If Obama loses this campaign, it won't be because of Rev. Wright, or Bill Ayers, or Tony Rezko, or any of the associations he has. It will be because the McCain campaign was successful in turning a United States Senator into a foreign agent. It will be due to the shameful and cynical appeal to xenophobic and borderline-racist sentiment they are obliging. Happyhammer has it completely correct.

    The Republicans managed to do this four years ago when they attacked John Kerry's war record in Vietnam while ignoring the fact that both candidates on their own ticket did everything in their power to stay as far from Vietnam as possible. The strategy is not new, but the consequences may be catastrophic if they keep this nonsense up. I used to respect McCain and even considered voting for him. Not anymore. Not after this latest descent into the gutter.

  • Comment number 7.

    zoffenberger, thanks for your kind welcome to the state - and for correcting my spelling. I've amended the copy accordingly. Apologies!

  • Comment number 8.

    It's important to remember that so many people in America don't get the news as we understand it it the UK. For most it's just a few soundbites on local stations between important stories (like the opening of the fishing season) and radio talk shows. So most of these people missed that their evangelical leaders were saying much the same things as Rev Wright, "That America deserved this punishment from God".

    It's also interesting in a country where most people are very honest by British standards, that when it comes to advertising and politics lying is acceptable.

  • Comment number 9.

    I don't know on what basis you make this claim about the people in the US, but we are well informed about our news and most of us also recognize its bias. Although fishing season can be an important piece of information, I am quite sure that you would be hard pressed to find anybody in the country who is of voting age who hasn't been following every bit of important election news since the primaries, and i can't see how the things that some extreme evangelical leaders say is at all important here. It is a shame that Rev Wright has spoken out the way he has, but there is nothing in Obamas political history that supports the accusations of him being a follower of Rev Wright's more extreme ideas.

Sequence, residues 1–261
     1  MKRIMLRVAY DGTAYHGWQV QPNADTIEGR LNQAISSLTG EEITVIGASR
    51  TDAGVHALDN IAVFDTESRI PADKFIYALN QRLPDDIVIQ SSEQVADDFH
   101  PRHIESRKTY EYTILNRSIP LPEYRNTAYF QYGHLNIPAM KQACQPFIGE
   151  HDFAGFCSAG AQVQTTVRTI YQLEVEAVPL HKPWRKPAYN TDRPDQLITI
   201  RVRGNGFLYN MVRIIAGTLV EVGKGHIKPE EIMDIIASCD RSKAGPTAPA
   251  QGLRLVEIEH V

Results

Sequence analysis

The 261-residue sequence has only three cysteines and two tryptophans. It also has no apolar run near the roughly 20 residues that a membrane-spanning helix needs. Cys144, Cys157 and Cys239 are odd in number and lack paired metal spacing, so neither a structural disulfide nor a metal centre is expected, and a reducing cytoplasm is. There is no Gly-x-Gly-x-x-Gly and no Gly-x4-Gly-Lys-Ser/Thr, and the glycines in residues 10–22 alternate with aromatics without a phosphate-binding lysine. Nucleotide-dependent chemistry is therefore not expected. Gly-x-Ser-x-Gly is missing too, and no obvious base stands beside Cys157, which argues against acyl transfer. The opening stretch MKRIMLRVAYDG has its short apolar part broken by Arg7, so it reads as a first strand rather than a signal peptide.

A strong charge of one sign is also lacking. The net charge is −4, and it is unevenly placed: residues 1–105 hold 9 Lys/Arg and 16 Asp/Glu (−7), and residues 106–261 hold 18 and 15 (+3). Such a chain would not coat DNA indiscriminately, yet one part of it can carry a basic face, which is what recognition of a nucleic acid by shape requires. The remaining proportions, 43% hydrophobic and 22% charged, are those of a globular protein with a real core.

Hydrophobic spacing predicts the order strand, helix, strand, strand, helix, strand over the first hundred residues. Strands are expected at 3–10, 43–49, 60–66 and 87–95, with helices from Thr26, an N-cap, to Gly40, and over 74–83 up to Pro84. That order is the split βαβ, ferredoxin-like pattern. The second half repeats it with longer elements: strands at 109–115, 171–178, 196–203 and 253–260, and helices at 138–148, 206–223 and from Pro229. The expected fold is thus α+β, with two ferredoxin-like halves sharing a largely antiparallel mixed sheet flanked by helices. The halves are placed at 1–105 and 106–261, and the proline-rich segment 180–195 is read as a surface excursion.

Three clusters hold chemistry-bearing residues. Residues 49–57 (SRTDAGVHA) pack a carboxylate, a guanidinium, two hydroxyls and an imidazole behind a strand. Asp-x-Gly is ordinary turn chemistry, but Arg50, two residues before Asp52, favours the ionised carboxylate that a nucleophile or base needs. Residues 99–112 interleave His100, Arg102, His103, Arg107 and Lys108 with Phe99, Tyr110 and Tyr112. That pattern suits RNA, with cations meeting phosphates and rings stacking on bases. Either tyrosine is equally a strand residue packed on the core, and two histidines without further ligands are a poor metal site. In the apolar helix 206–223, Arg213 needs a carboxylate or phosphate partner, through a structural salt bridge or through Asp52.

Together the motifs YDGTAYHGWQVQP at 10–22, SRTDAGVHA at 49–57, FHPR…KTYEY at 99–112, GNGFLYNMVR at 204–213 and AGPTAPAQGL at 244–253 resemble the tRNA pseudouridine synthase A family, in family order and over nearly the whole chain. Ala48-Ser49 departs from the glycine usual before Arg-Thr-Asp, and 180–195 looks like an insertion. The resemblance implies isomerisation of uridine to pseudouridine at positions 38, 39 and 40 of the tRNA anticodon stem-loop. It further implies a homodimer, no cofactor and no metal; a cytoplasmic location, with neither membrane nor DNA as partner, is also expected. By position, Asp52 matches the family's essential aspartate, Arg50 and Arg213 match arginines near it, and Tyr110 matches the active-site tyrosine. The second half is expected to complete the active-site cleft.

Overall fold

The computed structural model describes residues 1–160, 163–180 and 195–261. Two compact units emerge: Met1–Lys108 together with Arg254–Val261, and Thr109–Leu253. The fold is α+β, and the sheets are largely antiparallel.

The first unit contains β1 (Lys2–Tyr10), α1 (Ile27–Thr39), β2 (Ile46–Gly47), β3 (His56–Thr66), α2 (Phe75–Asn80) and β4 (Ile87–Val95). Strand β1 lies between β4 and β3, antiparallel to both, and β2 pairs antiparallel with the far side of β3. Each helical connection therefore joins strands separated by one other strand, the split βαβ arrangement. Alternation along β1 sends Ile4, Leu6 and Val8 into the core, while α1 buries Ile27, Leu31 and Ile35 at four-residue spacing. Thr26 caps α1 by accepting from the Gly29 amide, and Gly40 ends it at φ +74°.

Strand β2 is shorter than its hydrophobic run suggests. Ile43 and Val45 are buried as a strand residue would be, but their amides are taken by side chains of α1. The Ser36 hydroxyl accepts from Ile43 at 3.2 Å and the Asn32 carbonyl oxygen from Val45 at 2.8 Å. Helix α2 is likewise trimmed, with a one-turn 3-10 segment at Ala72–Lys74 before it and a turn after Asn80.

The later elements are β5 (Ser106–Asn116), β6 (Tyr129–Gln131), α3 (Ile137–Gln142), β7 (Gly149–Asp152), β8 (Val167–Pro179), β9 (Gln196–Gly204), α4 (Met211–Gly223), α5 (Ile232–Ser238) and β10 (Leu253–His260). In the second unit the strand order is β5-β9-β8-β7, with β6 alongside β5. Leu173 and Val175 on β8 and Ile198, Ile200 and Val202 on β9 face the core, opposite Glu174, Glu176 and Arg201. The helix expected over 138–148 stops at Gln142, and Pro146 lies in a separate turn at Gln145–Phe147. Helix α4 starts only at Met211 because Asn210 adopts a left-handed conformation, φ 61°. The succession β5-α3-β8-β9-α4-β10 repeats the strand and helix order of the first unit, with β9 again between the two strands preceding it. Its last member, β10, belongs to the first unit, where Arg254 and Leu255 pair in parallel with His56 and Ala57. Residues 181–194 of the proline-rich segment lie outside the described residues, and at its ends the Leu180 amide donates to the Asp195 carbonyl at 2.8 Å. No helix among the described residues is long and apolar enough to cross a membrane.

I do agree however that we allow far too much lying in our politics and media, which is why i seek other sources outside our country, such as the BBC

  • Comment number 10.

    I'm originally from that area of America the beginnings of Appalachia on the " Ohio side ". Beautiful country some of the most beautiful in the world .
    I , like many of the people from the region have left . It reminds me of the diaspora that had occurred in Ireland in the 19th century .
    Shame , I hold nothing but fond memories of my youth in Southeastern Ohio ,West Virginia area changes are I will never return .
    The american dream of the last century has passed that region and chances are will never return

  • Comment number 11.

    To # 3.

    The truth might be the USA judicial, penal and juries and police systems are the best that corrupted politicians, Neo-conservatives (and Christian, at that) and the very highly corrupted corporate crooks in the country can buy.

    The "blue code of silence" practiced by the USA Police forces only means they can get away with murder. I dare say half of the nation are more scared of them than they are of the felons they are chasing. The fact is, if honest policemen/women were allowed to tell the truth about criminal police activities without the reprisals from the judicial,penal and police systems in force now, I dare say half of the unsolved murders and other criminal activities would surface.

    Is it any wonder as to why the policemen in the US Army Reserves or in the National Guard end up guarding the hidden war prison compounds throughout the world?

  • Comment number 12.

    In response to the London policeman who is outraged at the current fascist tactics of the Republican Party...